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Mitsubishi F-1 Photo Album - Mitsubishi F-1

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Mitsubishi F-1


The Mitsubishi F-1 was the first jet fighter fully developed in Japan after World War II. This jet was due to the joint effort of Mitsubishi Heavy Industries and Fuji Heavy Industries.

In the mid-1960s, the Japan Air Force of Self-Defense began to study the possibility of having a supersonic two-seat jet for instruction and training that could become a version of attacking targets on the ground.

Initially, it was thought that the most practical option to fulfill this task would be the manufacture under license of an already operational model, such as the North American Northrop T-38 or even the Franco-British SEPECAT Jaguar, still in operation. development phase. However, after the failure to negotiate the production of this aircraft, Japan decided to invest in its own model. Mitsubishi, Fuji and Kawasaki competed for the contest, with the first choice falling, in September 1967. The winning proposal was conceived by the team of designers led by Kenji Ikeda. The contract also included Fuji as the main subcontracted firm. The inaugural flight of the XT-2 prototype took place on July 20, 1971. In the end, 90 series units were produced under the designation Mitsubishi T-2. Among these, 28 were not armed and the remaining 62 were equipped with a 20 mm JMIAI cannon.

The excessively high costs of the T-2 program almost ended with the planned development of the single-seater attack version, but, with any luck, the cancellation of another program for a new maritime patrol plane provided the necessary credits and thus , in 1973, the contract for its development was formalized.

The second and third prototypes of the T-2 (FS-T2-Kai) were modified to adopt a single-seat configuration. The first of these prototypes began test flights on June 3, 1975. The Gifu Air Force's Self-Defense Force testing division, based on Gifu, drew up an evolution flight program that lasted for a year, and thus which ended, the so-called Mitsubishi F-1 was considered to be operational and its series production began, with the first device manufactured to take off on June 16, 1977. The new device had lines and dimensions similar to those of its predecessor of two seats, but the rear space of the cabin was covered with an access fairing, also leaving space for an avionics compartment equipped with a Mitsubishi Electric J/ASQ-1 flight control system, an offensive cargo orderer INS Ferranti's 6TNJ-F, a radar warning system and a guidance subsystem, whose sensors were located on the upper part of the drift. The F-1 maintained the Lear Siegler 50110BL heading and altitude system. of the T-2, and in addition, it incorporated a camera system. Finally, from 1982, a new Mitsubishi J7AWG-12 radar equipment was introduced, compatible with the most modern weaponry, replacing the J/AWG-11 telemetry and search radar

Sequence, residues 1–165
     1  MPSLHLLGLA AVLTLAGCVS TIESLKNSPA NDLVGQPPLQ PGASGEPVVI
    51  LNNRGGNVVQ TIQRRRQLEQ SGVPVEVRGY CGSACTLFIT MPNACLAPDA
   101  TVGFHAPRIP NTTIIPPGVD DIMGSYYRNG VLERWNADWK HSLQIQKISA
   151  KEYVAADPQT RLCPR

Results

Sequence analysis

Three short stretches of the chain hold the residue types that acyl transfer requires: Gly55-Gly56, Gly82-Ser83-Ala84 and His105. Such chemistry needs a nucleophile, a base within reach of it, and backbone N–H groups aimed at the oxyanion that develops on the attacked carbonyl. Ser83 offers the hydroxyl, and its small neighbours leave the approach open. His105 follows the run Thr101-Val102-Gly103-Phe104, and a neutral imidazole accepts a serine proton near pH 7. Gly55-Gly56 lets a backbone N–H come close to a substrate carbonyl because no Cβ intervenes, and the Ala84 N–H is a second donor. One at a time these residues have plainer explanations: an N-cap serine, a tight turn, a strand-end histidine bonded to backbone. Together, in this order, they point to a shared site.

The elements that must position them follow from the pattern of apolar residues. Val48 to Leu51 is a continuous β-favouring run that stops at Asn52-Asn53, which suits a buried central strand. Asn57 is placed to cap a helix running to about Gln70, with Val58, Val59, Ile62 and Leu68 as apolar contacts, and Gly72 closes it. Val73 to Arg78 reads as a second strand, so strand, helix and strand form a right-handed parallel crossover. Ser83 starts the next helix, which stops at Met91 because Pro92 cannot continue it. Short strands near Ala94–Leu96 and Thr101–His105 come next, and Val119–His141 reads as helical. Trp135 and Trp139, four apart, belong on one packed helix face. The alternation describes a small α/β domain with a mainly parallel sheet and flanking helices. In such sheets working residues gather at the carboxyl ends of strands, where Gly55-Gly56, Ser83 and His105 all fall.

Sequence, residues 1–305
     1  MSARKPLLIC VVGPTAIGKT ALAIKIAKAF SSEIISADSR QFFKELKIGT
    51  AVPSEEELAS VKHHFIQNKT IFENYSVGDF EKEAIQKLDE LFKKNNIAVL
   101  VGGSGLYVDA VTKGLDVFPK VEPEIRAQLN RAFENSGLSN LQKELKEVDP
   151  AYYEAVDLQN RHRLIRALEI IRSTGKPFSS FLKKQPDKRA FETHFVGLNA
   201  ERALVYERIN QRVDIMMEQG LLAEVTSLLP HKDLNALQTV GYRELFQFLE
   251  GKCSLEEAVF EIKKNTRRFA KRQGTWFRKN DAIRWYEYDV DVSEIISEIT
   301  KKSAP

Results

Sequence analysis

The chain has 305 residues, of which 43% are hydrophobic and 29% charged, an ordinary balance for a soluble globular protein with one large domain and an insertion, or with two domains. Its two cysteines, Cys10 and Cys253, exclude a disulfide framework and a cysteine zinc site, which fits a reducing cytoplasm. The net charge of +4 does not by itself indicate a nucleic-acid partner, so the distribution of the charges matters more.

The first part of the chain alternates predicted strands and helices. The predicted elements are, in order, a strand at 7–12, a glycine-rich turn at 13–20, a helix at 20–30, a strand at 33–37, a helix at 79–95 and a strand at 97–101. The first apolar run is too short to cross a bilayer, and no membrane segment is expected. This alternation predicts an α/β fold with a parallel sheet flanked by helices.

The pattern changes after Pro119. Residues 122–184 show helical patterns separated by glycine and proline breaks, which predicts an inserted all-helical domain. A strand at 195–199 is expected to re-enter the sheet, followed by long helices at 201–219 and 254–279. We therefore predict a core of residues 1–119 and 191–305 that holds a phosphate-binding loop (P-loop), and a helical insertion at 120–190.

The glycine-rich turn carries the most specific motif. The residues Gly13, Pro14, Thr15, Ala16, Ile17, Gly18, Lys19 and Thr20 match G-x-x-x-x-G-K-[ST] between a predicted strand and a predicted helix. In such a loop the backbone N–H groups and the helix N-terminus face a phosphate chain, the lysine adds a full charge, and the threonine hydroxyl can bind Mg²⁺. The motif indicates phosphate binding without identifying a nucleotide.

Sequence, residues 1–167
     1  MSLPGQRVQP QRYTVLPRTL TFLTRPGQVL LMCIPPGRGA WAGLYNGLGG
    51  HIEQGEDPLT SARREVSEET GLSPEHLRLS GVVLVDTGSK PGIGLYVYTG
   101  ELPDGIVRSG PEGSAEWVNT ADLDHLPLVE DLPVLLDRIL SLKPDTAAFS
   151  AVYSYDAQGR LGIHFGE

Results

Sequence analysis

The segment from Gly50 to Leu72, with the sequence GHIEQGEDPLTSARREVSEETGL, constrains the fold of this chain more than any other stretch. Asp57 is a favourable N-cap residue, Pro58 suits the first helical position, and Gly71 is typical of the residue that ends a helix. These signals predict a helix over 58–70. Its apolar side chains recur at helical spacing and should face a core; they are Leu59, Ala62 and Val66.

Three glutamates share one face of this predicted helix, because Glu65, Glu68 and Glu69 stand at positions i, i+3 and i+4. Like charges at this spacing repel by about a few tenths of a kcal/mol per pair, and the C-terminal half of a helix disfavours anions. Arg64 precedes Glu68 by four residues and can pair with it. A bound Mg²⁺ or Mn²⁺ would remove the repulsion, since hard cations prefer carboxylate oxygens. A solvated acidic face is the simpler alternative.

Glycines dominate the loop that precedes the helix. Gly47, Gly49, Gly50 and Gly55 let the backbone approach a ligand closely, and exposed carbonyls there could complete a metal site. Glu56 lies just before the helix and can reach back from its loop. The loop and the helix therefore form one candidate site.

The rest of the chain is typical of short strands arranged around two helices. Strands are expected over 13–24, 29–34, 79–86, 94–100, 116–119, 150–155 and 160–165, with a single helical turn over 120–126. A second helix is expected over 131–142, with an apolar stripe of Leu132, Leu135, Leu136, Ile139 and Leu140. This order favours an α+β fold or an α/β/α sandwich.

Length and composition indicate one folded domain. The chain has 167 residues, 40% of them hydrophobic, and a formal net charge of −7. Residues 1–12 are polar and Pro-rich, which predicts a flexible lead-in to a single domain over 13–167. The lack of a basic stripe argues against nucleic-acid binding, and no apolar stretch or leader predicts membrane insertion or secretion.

The cell was reinforced and additional supports were installed under the wings, increasing its number to a total of seven (with two placed at the ends of the wings). Both the fuselage support and the two interiors of the planes could carry additional fuel tanks. Its armament was essentially composed of two anti-ship missiles of Jongo range ASM-1 and ASM-2, comparable in their potential to the North American AGM-84 Harpoon or 30 AM 39 French Exocet. In addition, the F-1 could carry a wide variety of offensive cargo, combining rocket pods with bombs of various types, both conventional and infrared-guided. The short-range AIM-Sidewinder air/air missile, carried on the rails of the outer sub-wing ends, gave the F-1 the ability to perform its secondary air defense function.

The total production of the F-1, initially fixed at 160 planes, remained at 77 aircraft due to budget cuts. They were all handed over to the Japan Air Self-Defense Force, until March 1987. The FI began its activity in April 1978, replacing the veteran F-86 Saber in the 2nd Hikotai (squadron) of 3. Kokudan (wing), with based in Misawa and, later, in other units like the. Hikotai from the same wing, co 6. Hikotai from 8. Kokudan based in Tsuiki, Fukoka Prefecture.

Over the years, the F-1 has been gradually replaced by the more modern F2 (a model shared between Japan and the United States, based on the F-16C/D), and also by the F-4EJ Kai Phantom II. The two models still in service are expected to be replaced by the F-2s in the coming years.

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